I see so many friends, family members, and other people who enter the workforce and literally watch their dreams, goals, and ambitions slowly disappear. They get so trapped in the day to day, that they forgot about all the things that they wanted to do, all the places they wanted to go, and all the things they wanted to become.
Life doesn’t have to be this way! If you’re reading a post on this site, you probably understand the power of compound interest, saving, and intentional spending. That stuff isn’t just for the spreadsheet nerds to gawk over, it can literally change your life!
If you don’t like your job, are unhappy with your current financial situation, or aren’t feeling fulfilled, there is nothing better you can do than to create the widest gap possible between your income and spending. The wider the gap, the more freedom you’ll have!
Although I didn’t focus on the numbers too much in this article, the entire time I was working in my corporate banking job I was saving 85+% of my income. In addition to my day job, I was literally spending every free minute building up my side hustles. Every additional dollar I earned outside of my day job pulled me one inch closer to freedom!
I know I am in a fortunate position. I know that I’ve never faced racism, sexism, or any kind of real oppression. I know that my story might not be replicable. But, if you take anything away from this article, just know that no matter what your situation is, there is a way out. I urge you to revitalize those dreams, goals, and ambitions from years past. Maximize your savings rate, increase your income, and start designing your dream life.
Thank you Cody for that healthy dose of inspiration!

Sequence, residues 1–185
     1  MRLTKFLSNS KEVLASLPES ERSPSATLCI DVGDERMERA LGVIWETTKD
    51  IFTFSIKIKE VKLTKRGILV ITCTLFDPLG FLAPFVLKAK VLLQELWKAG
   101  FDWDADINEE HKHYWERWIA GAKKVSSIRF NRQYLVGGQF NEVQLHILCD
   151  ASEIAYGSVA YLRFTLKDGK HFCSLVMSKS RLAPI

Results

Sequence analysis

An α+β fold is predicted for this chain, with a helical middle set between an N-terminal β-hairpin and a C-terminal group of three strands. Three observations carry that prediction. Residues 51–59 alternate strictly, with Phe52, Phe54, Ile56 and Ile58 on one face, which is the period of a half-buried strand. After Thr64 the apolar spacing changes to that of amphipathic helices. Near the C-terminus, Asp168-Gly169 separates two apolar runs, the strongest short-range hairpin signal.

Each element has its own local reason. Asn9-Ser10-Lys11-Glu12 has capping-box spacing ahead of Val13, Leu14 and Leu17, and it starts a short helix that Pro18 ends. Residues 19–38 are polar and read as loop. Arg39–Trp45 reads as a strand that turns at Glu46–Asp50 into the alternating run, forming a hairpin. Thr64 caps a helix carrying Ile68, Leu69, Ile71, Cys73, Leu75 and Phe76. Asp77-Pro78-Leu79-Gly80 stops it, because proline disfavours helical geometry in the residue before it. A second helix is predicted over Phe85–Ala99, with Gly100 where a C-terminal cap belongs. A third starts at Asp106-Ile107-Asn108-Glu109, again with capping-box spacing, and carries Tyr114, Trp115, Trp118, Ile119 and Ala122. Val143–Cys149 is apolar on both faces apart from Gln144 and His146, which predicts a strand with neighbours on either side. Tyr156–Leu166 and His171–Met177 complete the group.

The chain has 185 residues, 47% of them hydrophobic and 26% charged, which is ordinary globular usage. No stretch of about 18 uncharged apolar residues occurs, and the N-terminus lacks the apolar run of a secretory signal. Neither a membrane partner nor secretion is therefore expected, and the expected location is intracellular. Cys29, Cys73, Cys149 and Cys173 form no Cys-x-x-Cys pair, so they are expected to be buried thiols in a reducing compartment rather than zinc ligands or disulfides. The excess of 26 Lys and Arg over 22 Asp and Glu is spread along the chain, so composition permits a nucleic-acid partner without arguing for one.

Find Cody at:
- Blog: Fly to FI
- Podcast: The FI Show
- Disc golf: Arsenal Discs
- Twitter: https://twitter.com/flytofi
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Gwen @ Fiery Millennials says
I’m glad you feel like you made the right choice. Leaving work isn’t for everyone (it definitely wasn’t for me) but you’ve got that hustle in you to make it work. Keep up the great work!
Gwen @ Fiery Millennials recently posted…Monthly Status Report: May & June 2019
freddy smidlap says
i remember i quit my first “real” job. i lasted 5 years and it was a pretty cushy research and development job and it was even a little bit fun. the thing is that i wanted something else. my coworkers couldn’t believe i just quit to move to new orleans without another chemist job in place. i didn’t quit for some grand noble cause or to start a business. i just went to nola, got a job in a bar, and lived my life. i have to say it was the best 2 years of my life and that was 20 years in the rearview mirror.
long story short is that i got another chemist job eventually after i got those wild years out of my system. i’ve been at this job 14 years and don’t even mind coming here. i doubt i would feel that way if i never took that chance a long time ago.